Grilling in the great outdoors

Grilling in the great outdoors

Author: Canadian Living


Grilling in the great outdoors

There are many wonderful things that accompany the warm and sunny days of summer, none more so than the opportunity to barbecue outdoors among friends and family and enjoy the comraderie, good food and heavenly aromas wafting from the grill. Here is a collection of tips and recipes to make your summertime barbecues that much better.


Steaks on the grill
There are two categories of steak cuts suitable for grilling: tender grilling steaks and less-tender marinating steaks.
• Grilling steaks and the smaller grilling medallions are ready to cook right away, although you may want to marinate or coat them with a rub for flavour.
• Marinating steaks and marinating medallions need 12 to 24 hours in an acid-based mixture to tenderize them. Grill marinating steaks until rare or medium-rare; beyond medium doneness they become tough.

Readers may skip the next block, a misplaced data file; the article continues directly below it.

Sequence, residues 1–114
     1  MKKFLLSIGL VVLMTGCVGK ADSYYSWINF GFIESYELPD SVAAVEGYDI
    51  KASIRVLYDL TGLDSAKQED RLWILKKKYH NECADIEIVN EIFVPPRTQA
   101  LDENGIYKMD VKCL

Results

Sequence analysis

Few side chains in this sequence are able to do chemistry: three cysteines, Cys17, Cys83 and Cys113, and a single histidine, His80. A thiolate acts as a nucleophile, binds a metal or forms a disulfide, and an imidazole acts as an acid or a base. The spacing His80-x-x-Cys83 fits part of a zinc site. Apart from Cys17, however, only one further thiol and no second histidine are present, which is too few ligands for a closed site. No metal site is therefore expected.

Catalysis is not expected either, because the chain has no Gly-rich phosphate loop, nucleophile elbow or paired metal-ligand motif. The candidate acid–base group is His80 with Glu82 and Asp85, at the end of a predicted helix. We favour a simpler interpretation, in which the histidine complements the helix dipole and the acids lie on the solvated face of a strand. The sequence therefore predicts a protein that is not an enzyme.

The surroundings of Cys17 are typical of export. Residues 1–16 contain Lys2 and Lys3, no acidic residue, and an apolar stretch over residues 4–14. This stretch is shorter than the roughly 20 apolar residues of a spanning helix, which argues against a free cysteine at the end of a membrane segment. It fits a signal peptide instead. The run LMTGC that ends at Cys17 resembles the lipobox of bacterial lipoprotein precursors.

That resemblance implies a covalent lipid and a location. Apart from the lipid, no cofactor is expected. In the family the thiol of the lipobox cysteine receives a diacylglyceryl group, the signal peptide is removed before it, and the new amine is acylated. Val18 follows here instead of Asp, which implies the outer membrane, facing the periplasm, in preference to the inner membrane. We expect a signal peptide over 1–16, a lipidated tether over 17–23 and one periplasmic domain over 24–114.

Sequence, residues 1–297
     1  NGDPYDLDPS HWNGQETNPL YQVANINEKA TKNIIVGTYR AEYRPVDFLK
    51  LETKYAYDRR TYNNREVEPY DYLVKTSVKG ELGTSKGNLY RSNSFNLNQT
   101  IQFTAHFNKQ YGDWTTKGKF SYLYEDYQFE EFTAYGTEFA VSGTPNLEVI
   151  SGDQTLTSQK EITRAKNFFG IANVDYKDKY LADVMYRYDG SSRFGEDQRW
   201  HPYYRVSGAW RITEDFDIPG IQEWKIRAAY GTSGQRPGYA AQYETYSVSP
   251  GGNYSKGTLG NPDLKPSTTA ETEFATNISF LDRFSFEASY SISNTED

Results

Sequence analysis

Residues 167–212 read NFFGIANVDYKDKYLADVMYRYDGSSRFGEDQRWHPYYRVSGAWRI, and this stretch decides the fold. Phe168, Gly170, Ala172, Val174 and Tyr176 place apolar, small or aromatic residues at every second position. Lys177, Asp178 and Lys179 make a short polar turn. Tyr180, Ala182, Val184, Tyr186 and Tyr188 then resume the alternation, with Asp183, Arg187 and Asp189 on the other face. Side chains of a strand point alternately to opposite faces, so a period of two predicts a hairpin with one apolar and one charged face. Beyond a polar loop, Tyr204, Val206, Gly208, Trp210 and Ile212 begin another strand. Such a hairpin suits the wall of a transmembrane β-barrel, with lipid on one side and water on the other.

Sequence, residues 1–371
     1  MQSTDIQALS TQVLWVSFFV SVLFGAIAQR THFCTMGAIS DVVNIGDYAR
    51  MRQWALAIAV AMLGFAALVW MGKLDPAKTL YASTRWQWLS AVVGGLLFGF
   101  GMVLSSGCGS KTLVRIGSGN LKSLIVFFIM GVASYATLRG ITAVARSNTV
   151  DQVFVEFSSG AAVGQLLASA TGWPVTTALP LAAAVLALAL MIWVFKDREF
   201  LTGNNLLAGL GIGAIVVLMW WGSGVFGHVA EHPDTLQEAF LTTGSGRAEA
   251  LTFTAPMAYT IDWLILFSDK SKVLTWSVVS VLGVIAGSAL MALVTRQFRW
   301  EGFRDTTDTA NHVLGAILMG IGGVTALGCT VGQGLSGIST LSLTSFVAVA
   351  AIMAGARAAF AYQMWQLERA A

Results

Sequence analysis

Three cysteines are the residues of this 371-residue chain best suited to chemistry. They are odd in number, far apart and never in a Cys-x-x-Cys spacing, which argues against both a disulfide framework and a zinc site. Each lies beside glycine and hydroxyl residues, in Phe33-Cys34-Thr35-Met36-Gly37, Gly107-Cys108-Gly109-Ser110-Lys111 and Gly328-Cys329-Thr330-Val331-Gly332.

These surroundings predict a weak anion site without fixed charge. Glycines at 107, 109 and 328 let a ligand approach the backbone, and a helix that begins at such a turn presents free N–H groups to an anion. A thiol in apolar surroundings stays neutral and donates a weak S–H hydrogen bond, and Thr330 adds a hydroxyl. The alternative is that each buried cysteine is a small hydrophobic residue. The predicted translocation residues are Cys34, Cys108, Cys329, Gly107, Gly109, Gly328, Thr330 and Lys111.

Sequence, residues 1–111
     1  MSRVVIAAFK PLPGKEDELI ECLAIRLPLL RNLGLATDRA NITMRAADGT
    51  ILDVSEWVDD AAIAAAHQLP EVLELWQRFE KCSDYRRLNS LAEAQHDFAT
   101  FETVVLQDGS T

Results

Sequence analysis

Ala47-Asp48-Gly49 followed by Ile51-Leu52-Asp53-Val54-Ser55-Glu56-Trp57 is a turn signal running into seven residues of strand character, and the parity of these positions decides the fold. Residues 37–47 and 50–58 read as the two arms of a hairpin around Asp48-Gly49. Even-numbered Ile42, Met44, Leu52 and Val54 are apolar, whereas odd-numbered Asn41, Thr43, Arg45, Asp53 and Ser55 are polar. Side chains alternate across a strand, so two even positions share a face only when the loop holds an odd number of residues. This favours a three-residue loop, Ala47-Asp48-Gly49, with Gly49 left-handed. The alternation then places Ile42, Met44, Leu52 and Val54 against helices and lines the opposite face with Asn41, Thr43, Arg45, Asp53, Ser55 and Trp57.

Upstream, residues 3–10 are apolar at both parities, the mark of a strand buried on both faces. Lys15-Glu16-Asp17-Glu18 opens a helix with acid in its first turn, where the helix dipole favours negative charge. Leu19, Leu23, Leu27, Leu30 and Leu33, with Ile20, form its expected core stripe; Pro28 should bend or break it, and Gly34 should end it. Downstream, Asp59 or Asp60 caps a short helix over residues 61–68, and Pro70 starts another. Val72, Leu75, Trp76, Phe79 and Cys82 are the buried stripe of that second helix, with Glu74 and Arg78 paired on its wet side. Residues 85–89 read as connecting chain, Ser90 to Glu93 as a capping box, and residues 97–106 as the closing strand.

Beef recipes:
Balsamic Sirloin Medallions
Barbecued Flank Steak
Barbecued Roast Sirloin on a Bun
Beef Steak with Sesame Oil
Eye of Round with Mustard Aioli
Five-Spice Round Steak
Grainy Mustard Grilled Strip Loin
Grilled Garlic Pepper Steak
Grilled Rib Eye Steaks with Ginger Butter
Grilled Strip Loins with Onion Rings
Grilled T-Bone Steak with Barbecue Sauce
Oregano Beef Koftas
Peppercorn-Crusted Steak
Peppercorn Thyme T-Bones
Pesto Beef Kabobs
Pesto Onion Steak Sandwiches
Red Wine Marinated Steak
Sirloin with Roasted Garlic Topping
Steak and Pepper Kabobs with Spiced Tomato Sauce


Perfect patties
• Since fat drains off while burgers are grilling, you can use medium ground beef for juicy, flavourful hamburgers.
• Burgers need only gentle shaping when being formed. Overmixing and too much pressing and patting make tough, dry hamburgers.
• Patties hold together better if chilled for 1 hour before cooking. You can make and refrigerate them up to 2 hours ahead.
• Turn patties only once. Don't press or flatten with spatula during cooking because this forces out juices.